Chapter1 The Dark Forest. The Hill of Difficulty. The Panther, the Lion, and the Wolf. Virgil.

Midway upon the journey of our life

I found myself within a forest dark,

For the straight-forward pathway had been lost.

Ah me! how hard a thing it is to say

What was this forest savage, rough, and stern,

Which in the very thought renews the fear.

So bitter is it, death is little more;

But of the good to treat, which there I found,

Speak will I of the other things I saw there.

I cannot well repeat how there I entered,

So full was I of slumber at the moment

In which I had abandoned the true way.

But after I had reached a mountain's foot,

At that point where the valley terminated,

Which had with consternation pierced my heart,

Upward I looked, and I beheld its shoulders,

Vested already with that planet's rays

Which leadeth others right by every road.

Then was the fear a little quieted

That in my heart's lake had endured throughout

The night, which I had passed so piteously.

And even as he, who, with distressful breath,

Forth issued from the sea upon the shore,

Turns to the water perilous and gazes;

So did my soul, that still was fleeing onward,

Turn itself back to re-behold the pass

Which never yet a living person left.

After my weary body I had rested,

The way resumed I on the desert slope,

So that the firm foot ever was the lower.

And lo! almost where the ascent began,

A panther light and swift exceedingly,

Which with a spotted skin was covered o'er!

And never moved she from before my face,

Nay, rather did impede so much my way,

That many times I to return had turned.

The time was the beginning of the morning,

And up the sun was mounting with those stars

That with him were, what time the Love Divine

At first in motion set those beauteous things;

So were to me occasion of good hope,

The variegated skin of that wild beast,

The hour of time, and the delicious season;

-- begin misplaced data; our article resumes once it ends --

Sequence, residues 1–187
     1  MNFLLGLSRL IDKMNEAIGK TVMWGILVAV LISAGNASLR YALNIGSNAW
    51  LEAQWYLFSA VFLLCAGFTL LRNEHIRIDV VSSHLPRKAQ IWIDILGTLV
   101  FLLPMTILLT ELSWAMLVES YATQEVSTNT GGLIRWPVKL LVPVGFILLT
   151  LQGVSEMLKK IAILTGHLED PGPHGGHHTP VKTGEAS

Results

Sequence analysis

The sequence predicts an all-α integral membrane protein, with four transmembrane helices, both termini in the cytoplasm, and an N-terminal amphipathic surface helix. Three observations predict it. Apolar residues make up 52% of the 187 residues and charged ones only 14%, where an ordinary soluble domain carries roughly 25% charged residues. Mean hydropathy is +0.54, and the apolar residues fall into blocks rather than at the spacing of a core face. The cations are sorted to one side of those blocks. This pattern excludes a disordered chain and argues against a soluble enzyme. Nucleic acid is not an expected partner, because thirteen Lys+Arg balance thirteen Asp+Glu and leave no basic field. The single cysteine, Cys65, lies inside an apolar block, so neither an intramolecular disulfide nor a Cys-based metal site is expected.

But not so much, that did not give me fear

A lion's aspect which appeared to me.

He seemed as if against me he were coming

With head uplifted, and with ravenous hunger,

So that it seemed the air was afraid of him;

And a she-wolf, that with all hungerings

Seemed to be laden in her meagreness,

And many folk has caused to live forlorn!

She brought upon me so much heaviness,

With the affright that from her aspect came,

That I the hope relinquished of the height.

And as he is who willingly acquires,

And the time comes that causes him to lose,

Who weeps in all his thoughts and is despondent,

E'en such made me that beast withouten peace,

Which, coming on against me by degrees

Thrust me back thither where the sun is silent.

While I was rushing downward to the lowland,

Before mine eyes did one present himself,

Who seemed from long-continued silence hoarse.

When I beheld him in the desert vast,

"Have pity on me," unto him I cried,

"Whiche'er thou art, or shade or real man!"

He answered me: "Not man; man once I was,

And both my parents were of Lombardy,

And Mantuans by country both of them.

'Sub Julio' was I born, though it was late,

And lived at Rome under the good Augustus,

During the time of false and lying gods.

A poet was I, and I sang that just

Son of Anchises, who came forth from Troy,

After that Ilion the superb was burned.

But thou, why goest thou back to such annoyance?

Why climb'st thou not the Mount Delectable,

Which is the source and cause of every joy?"

"Now, art thou that Virgilius and that fountain

Which spreads abroad so wide a river of speech?"

I made response to him with bashful forehead.

"O, of the other poets honour and light,

Avail me the long study and great love

That have impelled me to explore thy volume!

Thou art my master, and my author thou,

Thou art alone the one from whom I took

The beautiful style that has done honour to me.

Behold the beast, for which I have turned back;

Do thou protect me from her, famous Sage,

For she doth make my veins and pulses tremble."

"Thee it behoves to take another road,"

Responded he, when he beheld me weeping,

"If from this savage place thou wouldst escape;

Because this beast, at which thou criest out,

Suffers not any one to pass her way,

But so doth harass him, that she destroys him;

And has a nature so malign and ruthless,

That never doth she glut her greedy will,

And after food is hungrier than before.

Many the animals with whom she weds,

And more they shall be still, until the Greyhound